|22 January, 2020

Hong Kong, Thai central banks closer to using digital currencies for cross-border payments

Other central banks could join HKMA and Bank of Thailand later

Thailand's central bank is seen at the Bank of Thailand in Bangkok, Thailand April 26, 2016. REUTERS/Jorge Silva

Thailand's central bank is seen at the Bank of Thailand in Bangkok, Thailand April 26, 2016. REUTERS/Jorge Silva

HONG KONG - The Hong Kong and Thai central banks have moved a step closer to being able to use central bank digital currencies (CBDCs) to make payments between the two countries more efficient, the banks said on Wednesday.

The Asian banks' work, part of a project begun in July, comes a day after the central banks of Britain, the euro zone, Japan, Sweden and Switzerland said they would jointly study the case for digital currencies.

The People's Bank of China has progressed the furthest with CBDCs, and the head of its digital currency research institute, Mu Changchun, told a public forum in August that its project was "almost ready". 

The Chinese project focuses on payments within China, unlike the Hong Kong and Thai initiative.

Many central banks are looking into the potential for CBDCs -- money but in digital form. They differ from cryptocurrencies like bitcoin, which are produced by solving complex math puzzles and governed by disparate online communities instead of a centralised body. 

Previous studies have largely focused on the technical challenges of using CBDCs for cross-border payments. Wednesday's report concentrated on practical issues like foreign exchange pricing and the effect on liquidity.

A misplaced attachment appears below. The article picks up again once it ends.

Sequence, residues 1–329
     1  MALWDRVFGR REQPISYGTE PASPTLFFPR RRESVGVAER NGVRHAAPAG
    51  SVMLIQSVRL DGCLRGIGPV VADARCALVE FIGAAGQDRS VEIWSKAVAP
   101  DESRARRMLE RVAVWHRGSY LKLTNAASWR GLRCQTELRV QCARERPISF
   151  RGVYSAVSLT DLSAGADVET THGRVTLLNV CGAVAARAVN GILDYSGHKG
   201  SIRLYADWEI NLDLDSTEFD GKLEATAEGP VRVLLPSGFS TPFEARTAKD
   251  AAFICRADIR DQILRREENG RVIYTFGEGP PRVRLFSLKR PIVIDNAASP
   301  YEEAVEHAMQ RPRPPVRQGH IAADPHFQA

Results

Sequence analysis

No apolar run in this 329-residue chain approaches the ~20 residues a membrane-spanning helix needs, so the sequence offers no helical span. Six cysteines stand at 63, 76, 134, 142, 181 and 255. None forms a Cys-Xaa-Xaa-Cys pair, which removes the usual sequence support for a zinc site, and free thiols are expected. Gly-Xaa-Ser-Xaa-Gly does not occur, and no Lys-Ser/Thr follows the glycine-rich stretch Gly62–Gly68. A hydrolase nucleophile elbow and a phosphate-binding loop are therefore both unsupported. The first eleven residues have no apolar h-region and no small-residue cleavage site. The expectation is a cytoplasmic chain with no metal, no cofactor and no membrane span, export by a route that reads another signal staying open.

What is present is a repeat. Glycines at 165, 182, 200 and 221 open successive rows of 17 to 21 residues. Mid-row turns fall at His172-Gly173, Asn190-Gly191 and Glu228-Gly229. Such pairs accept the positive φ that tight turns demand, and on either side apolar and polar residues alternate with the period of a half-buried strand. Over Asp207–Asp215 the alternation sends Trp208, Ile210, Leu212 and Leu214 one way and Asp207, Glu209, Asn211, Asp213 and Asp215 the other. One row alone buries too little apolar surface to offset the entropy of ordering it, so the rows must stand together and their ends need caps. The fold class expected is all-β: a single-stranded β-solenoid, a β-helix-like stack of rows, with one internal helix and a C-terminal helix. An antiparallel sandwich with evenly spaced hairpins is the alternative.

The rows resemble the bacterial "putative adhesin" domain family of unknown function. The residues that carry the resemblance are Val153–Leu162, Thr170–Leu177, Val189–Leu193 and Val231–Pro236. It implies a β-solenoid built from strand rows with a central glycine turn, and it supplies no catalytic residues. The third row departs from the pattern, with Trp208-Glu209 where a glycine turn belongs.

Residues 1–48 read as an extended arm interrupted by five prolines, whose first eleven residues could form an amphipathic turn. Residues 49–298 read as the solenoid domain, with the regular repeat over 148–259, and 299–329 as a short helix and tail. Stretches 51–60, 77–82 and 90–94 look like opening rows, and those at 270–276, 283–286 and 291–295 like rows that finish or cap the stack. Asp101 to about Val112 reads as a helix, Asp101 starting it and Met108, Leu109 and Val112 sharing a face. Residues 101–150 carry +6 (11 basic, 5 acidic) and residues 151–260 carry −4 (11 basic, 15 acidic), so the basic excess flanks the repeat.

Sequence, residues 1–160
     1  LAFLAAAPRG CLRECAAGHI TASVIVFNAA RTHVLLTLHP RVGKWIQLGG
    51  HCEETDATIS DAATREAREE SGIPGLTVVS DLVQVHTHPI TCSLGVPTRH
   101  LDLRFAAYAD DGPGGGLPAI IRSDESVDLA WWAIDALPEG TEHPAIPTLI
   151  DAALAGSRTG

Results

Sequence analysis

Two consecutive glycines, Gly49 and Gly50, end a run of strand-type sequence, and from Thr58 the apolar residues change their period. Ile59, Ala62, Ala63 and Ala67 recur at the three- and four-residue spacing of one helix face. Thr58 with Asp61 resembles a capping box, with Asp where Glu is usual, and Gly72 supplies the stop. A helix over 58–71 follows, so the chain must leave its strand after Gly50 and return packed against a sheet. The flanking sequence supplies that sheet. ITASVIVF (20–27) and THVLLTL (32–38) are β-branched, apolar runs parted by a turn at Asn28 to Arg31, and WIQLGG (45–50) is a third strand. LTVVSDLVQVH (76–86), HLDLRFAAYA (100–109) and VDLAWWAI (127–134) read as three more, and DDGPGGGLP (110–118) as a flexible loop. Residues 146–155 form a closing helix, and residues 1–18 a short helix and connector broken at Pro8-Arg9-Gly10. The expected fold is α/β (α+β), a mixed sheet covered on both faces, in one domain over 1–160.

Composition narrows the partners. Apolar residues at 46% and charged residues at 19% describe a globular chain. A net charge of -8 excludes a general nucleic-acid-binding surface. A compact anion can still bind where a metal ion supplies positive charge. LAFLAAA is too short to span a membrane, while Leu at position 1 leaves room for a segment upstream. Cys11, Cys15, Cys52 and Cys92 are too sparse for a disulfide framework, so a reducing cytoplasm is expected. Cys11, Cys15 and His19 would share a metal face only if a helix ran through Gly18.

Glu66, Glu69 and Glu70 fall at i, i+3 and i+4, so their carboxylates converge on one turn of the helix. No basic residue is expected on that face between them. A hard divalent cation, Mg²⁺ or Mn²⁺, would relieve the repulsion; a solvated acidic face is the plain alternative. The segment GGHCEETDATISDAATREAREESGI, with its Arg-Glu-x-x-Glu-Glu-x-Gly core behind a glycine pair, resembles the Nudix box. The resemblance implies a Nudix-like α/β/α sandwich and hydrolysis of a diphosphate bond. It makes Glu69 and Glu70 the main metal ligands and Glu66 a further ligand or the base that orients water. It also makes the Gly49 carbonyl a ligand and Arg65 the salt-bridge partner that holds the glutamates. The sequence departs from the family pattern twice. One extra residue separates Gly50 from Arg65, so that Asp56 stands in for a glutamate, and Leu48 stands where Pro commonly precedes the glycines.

The two banks said they had successfully built a prototype system that allowed banks in the two countries to use a CBDC to transfer funds and make payments between themselves, potentially cutting layers out of typical existing processes.

The work was "an important first step to solve the pain points of low efficiency and high costs in traditional cross-border payments," said Edmond Lau, senior executive director of the Hong Kong Monetary Authority (HKMA). 

But the two banks have not set a time for a real transaction, Colin Pou, executive director at the HKMA, told a media briefing in Hong Kong.

The project could be expanded to include other central banks, or linked with other, separate initiatives, Pou added.

Thailand is one of Hong Kong's top 10 trading partners, with trade between the two totaling HK$153 billion ($19.69 billion) in 2018, according to Hong Kong official data.

The two central banks worked with commercial banks including HSBC and ZA Bank, a new online bank run by online insurer Zhong An, as well as Bangkok Bank. The technology partner was R3, which operates the Corda blockchain platform.

($1 = 7.7715 Hong Kong dollars)

(Reporting by Alun John; editing by Kim Coghill, Larry King) ((Alun.John@thomsonreuters.com; +852-28415827;))